Beyond The Campfire was created to encourage readers to explore the great outdoors and to observe it close up. Get out and take a hike, go fishing or canoeing, or simply stretch out on a blanket under a summer sky...and take your camera along. We'll talk about combining outdoor activities with photography. We'll look at everything from improving your understanding of the basics of photography to more advanced techniques including things like how to see photographically and capturing the light. We'll explore the night sky, location shoots, using off camera speedlights along with nature and landscape. Grab your camera...strap on your hiking boots...and join me. I think you will enjoy the adventure.

The Dark Horse Region

The Dark Horse Region
A View into the center of the Milky Way

Saturday, July 30, 2011

One of Kind

One of my favorite photographs is one I took a number of years ago while I was still shooting with film...slide film actually.  It is one I have featured a time or two already...maybe you've seen it...It is a photo of a common Queen Annes Lace silhouetted against a setting sun.  It is a very striking image primarily because of its simplicity and I have used it to illustrate that concept numerous times.

Oddly enough, I've never been able to duplicate that photo with my digital me I have tried.  That fact proves a number of in particular being that each photograph we take is a unique capture of time and place.  Odds are I will never be able to duplicate that shot exactly primarily because digital images tend to be a bit different in their technical merits than images taken with transparency film.  Slide film has a different richness and depth to it that digital just can't quite catch up to.  I'll probably never go back to shooting film because of the cost factor more than anything and because digital images provide so many advantages over film that the slight technical differences between them is not enough to warrant that kind of retrograde switch.  Even so, I have often felt that shooting transparency film will make a better photographer out of someone than digital.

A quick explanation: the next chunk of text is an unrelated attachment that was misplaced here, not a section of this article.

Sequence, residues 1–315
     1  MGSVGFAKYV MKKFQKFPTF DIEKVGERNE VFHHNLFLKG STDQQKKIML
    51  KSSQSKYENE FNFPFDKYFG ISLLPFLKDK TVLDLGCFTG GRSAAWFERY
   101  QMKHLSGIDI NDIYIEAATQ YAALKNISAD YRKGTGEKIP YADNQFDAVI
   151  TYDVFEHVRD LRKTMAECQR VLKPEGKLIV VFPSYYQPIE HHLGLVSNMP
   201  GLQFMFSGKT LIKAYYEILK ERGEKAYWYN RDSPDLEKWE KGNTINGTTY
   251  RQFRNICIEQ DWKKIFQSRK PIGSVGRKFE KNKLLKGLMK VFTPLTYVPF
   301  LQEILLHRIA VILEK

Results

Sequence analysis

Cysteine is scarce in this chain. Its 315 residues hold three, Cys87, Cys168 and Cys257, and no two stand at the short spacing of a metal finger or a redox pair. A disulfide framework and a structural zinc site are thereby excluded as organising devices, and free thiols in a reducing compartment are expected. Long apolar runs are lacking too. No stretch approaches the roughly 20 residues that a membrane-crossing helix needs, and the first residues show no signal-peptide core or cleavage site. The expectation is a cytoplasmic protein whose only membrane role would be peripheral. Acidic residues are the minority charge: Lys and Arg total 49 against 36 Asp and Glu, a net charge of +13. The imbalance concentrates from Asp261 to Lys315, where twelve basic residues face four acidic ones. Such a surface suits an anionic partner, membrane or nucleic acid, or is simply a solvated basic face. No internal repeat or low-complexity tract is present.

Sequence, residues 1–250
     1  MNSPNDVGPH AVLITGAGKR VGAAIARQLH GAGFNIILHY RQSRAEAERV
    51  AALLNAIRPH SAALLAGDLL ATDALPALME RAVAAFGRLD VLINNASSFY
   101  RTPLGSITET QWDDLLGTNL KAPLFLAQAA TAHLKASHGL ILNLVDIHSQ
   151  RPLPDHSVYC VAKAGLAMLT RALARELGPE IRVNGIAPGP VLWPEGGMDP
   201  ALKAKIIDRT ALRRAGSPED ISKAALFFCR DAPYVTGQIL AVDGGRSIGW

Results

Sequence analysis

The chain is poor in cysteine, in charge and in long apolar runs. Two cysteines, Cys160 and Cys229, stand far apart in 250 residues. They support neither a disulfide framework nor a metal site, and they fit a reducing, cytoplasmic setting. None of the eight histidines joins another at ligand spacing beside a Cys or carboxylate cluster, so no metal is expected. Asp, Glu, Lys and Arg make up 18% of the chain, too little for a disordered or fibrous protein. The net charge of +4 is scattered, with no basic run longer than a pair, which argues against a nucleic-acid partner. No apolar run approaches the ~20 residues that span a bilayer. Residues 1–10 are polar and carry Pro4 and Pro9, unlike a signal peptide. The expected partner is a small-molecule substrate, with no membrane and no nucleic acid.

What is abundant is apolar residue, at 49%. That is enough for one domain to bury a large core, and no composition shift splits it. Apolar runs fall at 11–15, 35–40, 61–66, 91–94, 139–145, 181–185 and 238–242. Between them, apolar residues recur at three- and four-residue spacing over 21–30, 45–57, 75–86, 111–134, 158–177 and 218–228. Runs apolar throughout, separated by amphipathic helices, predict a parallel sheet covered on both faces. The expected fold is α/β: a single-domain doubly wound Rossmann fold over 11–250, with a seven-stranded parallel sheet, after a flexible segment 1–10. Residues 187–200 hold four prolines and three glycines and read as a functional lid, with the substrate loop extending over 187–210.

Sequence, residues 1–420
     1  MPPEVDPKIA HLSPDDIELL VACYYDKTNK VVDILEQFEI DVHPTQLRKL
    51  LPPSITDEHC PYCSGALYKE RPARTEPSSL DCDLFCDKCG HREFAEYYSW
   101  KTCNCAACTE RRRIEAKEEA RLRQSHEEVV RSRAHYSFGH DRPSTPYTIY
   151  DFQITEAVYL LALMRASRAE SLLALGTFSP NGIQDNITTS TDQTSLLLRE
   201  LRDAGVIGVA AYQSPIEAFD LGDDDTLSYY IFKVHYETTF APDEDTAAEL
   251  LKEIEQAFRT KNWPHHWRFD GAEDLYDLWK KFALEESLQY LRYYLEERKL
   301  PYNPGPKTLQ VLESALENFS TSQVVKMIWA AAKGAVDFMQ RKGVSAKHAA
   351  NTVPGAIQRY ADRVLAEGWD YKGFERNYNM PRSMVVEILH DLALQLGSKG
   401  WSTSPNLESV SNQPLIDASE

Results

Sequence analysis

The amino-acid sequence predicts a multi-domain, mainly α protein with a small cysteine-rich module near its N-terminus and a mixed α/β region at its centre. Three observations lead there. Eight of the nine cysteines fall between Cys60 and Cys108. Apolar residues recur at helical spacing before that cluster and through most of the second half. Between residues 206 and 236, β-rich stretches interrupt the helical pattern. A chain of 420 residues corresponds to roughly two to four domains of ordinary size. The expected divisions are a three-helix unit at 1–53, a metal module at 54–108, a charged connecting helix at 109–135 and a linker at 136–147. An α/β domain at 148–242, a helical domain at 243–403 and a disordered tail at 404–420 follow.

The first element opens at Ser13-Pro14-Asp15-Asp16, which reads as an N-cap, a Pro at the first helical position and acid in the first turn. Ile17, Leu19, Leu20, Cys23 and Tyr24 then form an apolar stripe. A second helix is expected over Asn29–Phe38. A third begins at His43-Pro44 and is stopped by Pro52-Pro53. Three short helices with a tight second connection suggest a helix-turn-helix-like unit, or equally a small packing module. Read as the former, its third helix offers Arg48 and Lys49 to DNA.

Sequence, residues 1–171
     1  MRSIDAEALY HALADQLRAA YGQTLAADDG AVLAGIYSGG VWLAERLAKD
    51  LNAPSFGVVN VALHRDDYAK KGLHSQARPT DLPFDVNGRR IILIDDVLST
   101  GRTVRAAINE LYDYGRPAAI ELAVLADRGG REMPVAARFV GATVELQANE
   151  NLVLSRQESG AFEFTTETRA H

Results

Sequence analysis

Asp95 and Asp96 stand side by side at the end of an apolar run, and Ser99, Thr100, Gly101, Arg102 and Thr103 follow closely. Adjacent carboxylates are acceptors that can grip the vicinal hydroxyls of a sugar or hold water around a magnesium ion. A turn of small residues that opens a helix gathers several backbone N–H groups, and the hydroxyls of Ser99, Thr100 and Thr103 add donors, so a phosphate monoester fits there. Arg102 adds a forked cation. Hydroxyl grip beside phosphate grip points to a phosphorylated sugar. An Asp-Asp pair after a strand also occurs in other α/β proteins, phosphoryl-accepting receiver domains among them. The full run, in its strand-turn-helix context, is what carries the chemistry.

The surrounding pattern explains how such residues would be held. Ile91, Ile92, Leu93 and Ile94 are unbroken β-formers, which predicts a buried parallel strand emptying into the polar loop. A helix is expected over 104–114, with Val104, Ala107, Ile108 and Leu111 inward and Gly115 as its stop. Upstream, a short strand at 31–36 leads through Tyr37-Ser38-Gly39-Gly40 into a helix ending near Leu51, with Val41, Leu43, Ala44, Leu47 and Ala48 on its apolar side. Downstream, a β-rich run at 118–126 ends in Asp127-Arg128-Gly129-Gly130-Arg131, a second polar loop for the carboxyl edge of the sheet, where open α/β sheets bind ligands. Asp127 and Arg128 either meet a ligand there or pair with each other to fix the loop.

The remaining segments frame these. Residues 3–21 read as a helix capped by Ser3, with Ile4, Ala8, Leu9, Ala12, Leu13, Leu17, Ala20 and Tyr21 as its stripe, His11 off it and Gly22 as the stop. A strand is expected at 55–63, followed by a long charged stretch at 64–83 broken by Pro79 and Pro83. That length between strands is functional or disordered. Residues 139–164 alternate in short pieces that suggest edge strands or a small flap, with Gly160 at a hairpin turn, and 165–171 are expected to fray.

There is a story to how I captured that one image, a story that illustrates the need to understand how to see photographically and how as a photographer you do what you have to do to get the shot.  It was a typical late summer day in Kentucky and I found myself driving over to an area I had visited several times.  In this area one can find multitudes of photo opportunities all within a compact area.  There are fence rows, high vantage points, a small creek, rolling hills, and country flavor all around.  On that day I had been shooting for several hours late in the afternoon and was reaching the end of my film stock.  It was late in evening and the sun was a few minutes from dropping behind the ridge that stretched across the west end of a pasture that spread out across a shallow valley.  Along the old road and fence were hundreds of Queen Annes swaying in the gentle breeze.

I stopped along a wide spot in the road hoping to capture one of those amazing Kentucky sunsets, but the sky was very hazy and the conditions just were not going to develop the way I hoped for.  I was down to my last shot on that roll when I noticed a single Queen Anne standing straight and tall on the other side of the barbed wire fence.  I bent low to take a look and realized that if I could get into the right position I could line up the flower head against the glowing disk of the sun as it hovered above the ridge...but I'd have hurry to catch it just right.  I only had the one shot left, so I made a quick evaluation of what I needed in exposure value and bumped the compensation factor up by somewhere around a +1.0.

I'm always amazed at just how fast the sun sets when it gets close to the horizon and I really only had at best less than a minute to get the shot lined up.  Problem was I couldn't get into position quickly enough without crossing the fence and by the time I might have tried I would have missed the opportunity.  So, I quickly disconnected the camera from the tripod and leaned through the barbed wire fence and stretched as far as I could to line up the shot.  It turned out I just could not quite lean far enough to center the flower head on the suns disk.  I was straining so hard to maintain my balance I was about to fall and or get a I lined it up as best as I could and fired off the shot.

A few days later after I picked up the processed slides, I thumbed through all 36 exposures and frowned at most of the results...then I came to the very last Queen Anne shot...and I knew at first glance that my days work had not been in vain.  It was the only image from the batch I did anything with.  After scanning it I placed into Photoshop...made a few minor tweaks...and the rest is history.

Close...but not the same.
Seems the fact that I was unable to center the flower on the sun proved to be a blessing disguise as the actual image proved to be much more dramatic being offset the way it was.  Over the years, it has become one of my favorite shots of all time.

As I mentioned previously, I've tried to duplicate that shot with my digital no avail...but in doing so I have come to the realization that sometimes we just get lucky.  That one quick shot proved to be one of a kind and any attempts to duplicate it could never really surpass the effects of the original.  Maybe someday if the right combination of circumstances presents itself, I just might be able to come close...but until then, I'll just enjoy the original.


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